The more realistic choices for how Specter spent that time would be A) find out just how much the Patriots cheated, or B) nap. And in that case, I'll take A.

Borski
02-17-2008, 02:24 PM
I agree with this, there are more important things to do, but the NFL does sell a product and if something is being frauded it needs to be exposed.

Think of all the Rams, Panthers, and Eagles fans that spent several thousand dollars on SB tickets (not to mention other teams that faced the Pats in the Playoffs) how do they feel after spending all that money, then going home heartbroken accepting that their team lost, then fastforword to today they find out about the Pats cheating and they might, just might not have lost that game, they may not have wasted all that money on a rigged game.

stillers4me
02-17-2008, 02:28 PM
And hey....as one Pats* fan already pointed out in another thread, "the end justifies the means".

Knock yourself out, Arlen.

Boss Smiley
02-17-2008, 03:09 PM
The ends justify the means. I don't care what they do, I just want the Patriots to win.

HometownGal
02-17-2008, 04:04 PM
The ends justify the means. I don't care what they do, I just want the Patriots to win.

You must have been stuffed in a locker too many times while in high school and are suffering from oxygen deprivation.

By the time Arlen is done with your precious Cheatsies*, you'll be back to cheering on one of the local sandlot teams.

http://www.secsportsfan.com/images/patriots_spygate_logo.gif

Rhee Rhee
02-17-2008, 04:11 PM
By the time Arlen is done with your precious Cheatsies*, you'll be back to cheering on one of the local sandlot teams.


amen to that :sofunny:

revefsreleets
02-17-2008, 08:19 PM
No fan of Specter, but he's definitely doing an "absolute good" here. Death to the Patriots evil regime of deceit!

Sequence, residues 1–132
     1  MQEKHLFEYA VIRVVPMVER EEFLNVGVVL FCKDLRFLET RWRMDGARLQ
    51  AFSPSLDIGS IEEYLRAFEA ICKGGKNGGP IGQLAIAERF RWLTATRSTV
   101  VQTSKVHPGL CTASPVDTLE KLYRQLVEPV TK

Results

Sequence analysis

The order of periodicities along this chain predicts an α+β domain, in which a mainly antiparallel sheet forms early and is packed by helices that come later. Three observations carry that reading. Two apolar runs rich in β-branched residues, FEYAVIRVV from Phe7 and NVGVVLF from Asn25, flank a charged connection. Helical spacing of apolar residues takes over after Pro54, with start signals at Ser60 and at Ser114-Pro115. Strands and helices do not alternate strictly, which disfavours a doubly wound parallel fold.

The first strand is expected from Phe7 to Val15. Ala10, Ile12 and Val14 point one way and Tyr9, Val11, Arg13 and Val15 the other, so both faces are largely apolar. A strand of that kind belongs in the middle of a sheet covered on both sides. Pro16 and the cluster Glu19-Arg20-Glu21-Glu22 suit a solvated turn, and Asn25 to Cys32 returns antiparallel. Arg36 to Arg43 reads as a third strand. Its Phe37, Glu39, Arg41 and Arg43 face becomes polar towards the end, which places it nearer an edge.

lilyoder6
02-17-2008, 08:24 PM
i don't want this to become what baseball has become with the gonv.. but i hope spector gets it right and this would be the last time to see anything like it int eh future

Dino 6 Rings
02-18-2008, 09:47 AM
Tax dollars help to pay for NFL Stadiums...I'm ok with Congress looking into the product not being tainted, like Mad Cow or something.

rbryan
02-18-2008, 10:25 AM
The Government already pisses away billion$ annually. At least I'll get some satisfaction from this.

TheWarDen86
02-20-2008, 06:41 PM
Hey why did Boss Smiley get banned???? He was MY PERSONAL WHIPPING BOY! I just got him a personalized water dish had his name stitched in his collar too. :dang:

Man, I'm never going to have my own pet troll. :pity:

83-Steelers-43
02-20-2008, 07:11 PM
:thumbsup:

Who looks worse - Belichick or Goodell?
By Joe Starkey
TRIBUNE-REVIEW
Wednesday, February 20, 2008

Mr. Tough Guy. That was Roger Goodell last spring.

Following his first season as NFL commissioner, Goodell vowed to refurbish the league's image. He put some meat to his promise by issuing a series of player suspensions.

Nobody messed with The Commish. People praised him -- but their compliments look silly today, amid the ever-expanding saga that is Spygate.

Goodell has become as big a story as Bill Belichick in this matter and looks every bit as bad.

Goodell's the one who ordered the destruction of evidence documenting the New England Patriots' illegal videotaping of opposing coaches' signals.

Goodell's the one, according to Sen. Arlen Specter (R-Pa.), who levied the penalty before receiving all the evidence of New England's activities.